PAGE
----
Some tram lines are not working. It didn't look like it will be finished in the near future (as of April 2004).
The area around Brno had been populated a long time ago. However, the city's history started around
the year 1000 A.D. In present-day Staré Brno (Altbrünn, old Brno),
a first settlement next to a ford at the Svratka river was founded. The Spilberk (Spielberg) castle
was mentioned first in 1277, and eversince the history of the castle was strongly connected to the history of the town.
Brno played an important clerical role after the 14th century. At first, a
Cistercian monastery was founded. Later on,
Augustinians (predominantly Dominicans) and
Capuchins decided to build monasteries in Brno.
In 1349, the city was chosen as residence of Moravian lords, but it wasn't before 1641 that Brno
became the capital of Moravia. Since 1560, the Spilberk castle belonged to
the city. Brno was heavily fortified and therefore could even resist attacks from Hussites in the 15th century,
Swedish troops in the 17th century and Prussians in the 18th century. The latter besieged the city for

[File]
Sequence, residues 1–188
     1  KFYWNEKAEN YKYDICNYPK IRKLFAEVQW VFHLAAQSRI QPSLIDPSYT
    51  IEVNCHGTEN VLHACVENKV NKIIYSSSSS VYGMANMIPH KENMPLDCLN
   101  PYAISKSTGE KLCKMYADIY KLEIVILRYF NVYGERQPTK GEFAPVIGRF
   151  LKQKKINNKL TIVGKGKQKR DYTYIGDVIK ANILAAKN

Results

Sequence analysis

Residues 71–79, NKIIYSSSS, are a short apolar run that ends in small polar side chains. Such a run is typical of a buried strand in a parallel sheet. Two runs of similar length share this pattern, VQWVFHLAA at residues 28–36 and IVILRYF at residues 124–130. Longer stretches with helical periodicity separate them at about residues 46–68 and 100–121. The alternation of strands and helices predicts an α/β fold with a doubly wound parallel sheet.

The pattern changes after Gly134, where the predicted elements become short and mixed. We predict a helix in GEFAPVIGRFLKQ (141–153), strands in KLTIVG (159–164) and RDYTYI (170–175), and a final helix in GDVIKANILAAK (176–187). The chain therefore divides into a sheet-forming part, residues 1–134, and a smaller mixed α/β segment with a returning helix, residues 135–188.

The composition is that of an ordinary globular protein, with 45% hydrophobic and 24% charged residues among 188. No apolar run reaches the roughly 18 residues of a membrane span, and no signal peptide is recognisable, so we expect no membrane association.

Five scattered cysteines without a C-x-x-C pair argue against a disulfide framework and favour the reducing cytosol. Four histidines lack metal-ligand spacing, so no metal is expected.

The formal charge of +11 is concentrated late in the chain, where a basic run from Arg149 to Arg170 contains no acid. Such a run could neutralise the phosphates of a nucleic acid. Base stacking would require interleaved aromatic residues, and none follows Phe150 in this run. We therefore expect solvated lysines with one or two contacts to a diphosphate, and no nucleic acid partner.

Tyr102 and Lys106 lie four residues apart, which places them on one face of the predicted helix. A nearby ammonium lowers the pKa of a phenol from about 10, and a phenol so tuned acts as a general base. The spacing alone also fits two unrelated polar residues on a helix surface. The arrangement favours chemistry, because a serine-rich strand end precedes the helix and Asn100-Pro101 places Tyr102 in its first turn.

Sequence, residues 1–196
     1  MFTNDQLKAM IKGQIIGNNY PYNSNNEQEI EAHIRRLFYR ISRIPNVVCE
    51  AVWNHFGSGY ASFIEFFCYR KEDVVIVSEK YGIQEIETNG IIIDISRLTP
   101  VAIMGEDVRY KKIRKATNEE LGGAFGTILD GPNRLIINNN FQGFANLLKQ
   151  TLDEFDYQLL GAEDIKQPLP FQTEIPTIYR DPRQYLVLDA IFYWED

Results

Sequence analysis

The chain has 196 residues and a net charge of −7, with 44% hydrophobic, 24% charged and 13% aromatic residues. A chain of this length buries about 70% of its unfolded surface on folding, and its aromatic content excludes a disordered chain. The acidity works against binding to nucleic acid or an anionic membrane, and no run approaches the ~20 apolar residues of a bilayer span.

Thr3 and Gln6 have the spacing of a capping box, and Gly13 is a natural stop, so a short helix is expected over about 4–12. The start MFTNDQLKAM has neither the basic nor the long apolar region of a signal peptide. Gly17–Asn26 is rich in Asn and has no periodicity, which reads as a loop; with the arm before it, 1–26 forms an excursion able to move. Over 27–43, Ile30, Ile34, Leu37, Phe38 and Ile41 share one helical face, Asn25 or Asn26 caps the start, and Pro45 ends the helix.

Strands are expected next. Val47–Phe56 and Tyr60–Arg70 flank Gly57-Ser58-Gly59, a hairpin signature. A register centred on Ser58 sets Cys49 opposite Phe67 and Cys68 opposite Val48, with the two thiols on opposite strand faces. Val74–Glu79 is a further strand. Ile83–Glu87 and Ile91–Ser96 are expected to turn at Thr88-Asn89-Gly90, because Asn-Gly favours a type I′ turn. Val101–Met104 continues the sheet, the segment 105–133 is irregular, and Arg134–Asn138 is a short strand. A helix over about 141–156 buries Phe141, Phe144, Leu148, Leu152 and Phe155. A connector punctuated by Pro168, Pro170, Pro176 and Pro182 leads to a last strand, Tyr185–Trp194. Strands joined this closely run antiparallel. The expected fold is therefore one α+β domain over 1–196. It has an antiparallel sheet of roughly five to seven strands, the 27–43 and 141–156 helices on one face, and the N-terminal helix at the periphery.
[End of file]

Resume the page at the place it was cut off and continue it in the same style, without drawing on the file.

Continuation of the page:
a long time but weren't successful. Nevertheless, only 5000 people lived in the city after the 30 years' war.
Only Napoleon could make it to Brno. Not far from Slavkov u Brna, better known as
Austerlitz and only 20 km away from Brno, Napoleon managed to defeat the united armies of Austria
and Russia in 1805.
In the 19th century, during the Habsburg reign, Brno was widely industrialised. Many textile and machine
factories started business. Already in 1839, the railway line from Vienna to Brünn aka Brno was completed.
Gasworks and tram lines were established, and so Brno became a progressive city. Around the same time,
the Augustinian monk Mendel researched on plants and put forward first laws of heredity -
an epoch-making theory which started genetic science.
To make things complete, some institutes of technology and universities were founded in the 19th century.
Another boom was produced by building trade fair facilities in 1928. Since 1959, annual
mechanical engineering fairs are held in Brno. Starting in the 1990ies, the city hosts the Czech
constitutional court and a modern technology park.
As mentioned above, the town is in transition - many buildings and bigger parts of infrastructure are
being renewed or redesigned. As a matter of fact, Brno is an imortant and highly dynamic place with growing importance
for the middle of Europe.
|The marvellous Spilberk castle
|The casemates inside the castle
Visitors to Brno should not miss a walk to the huge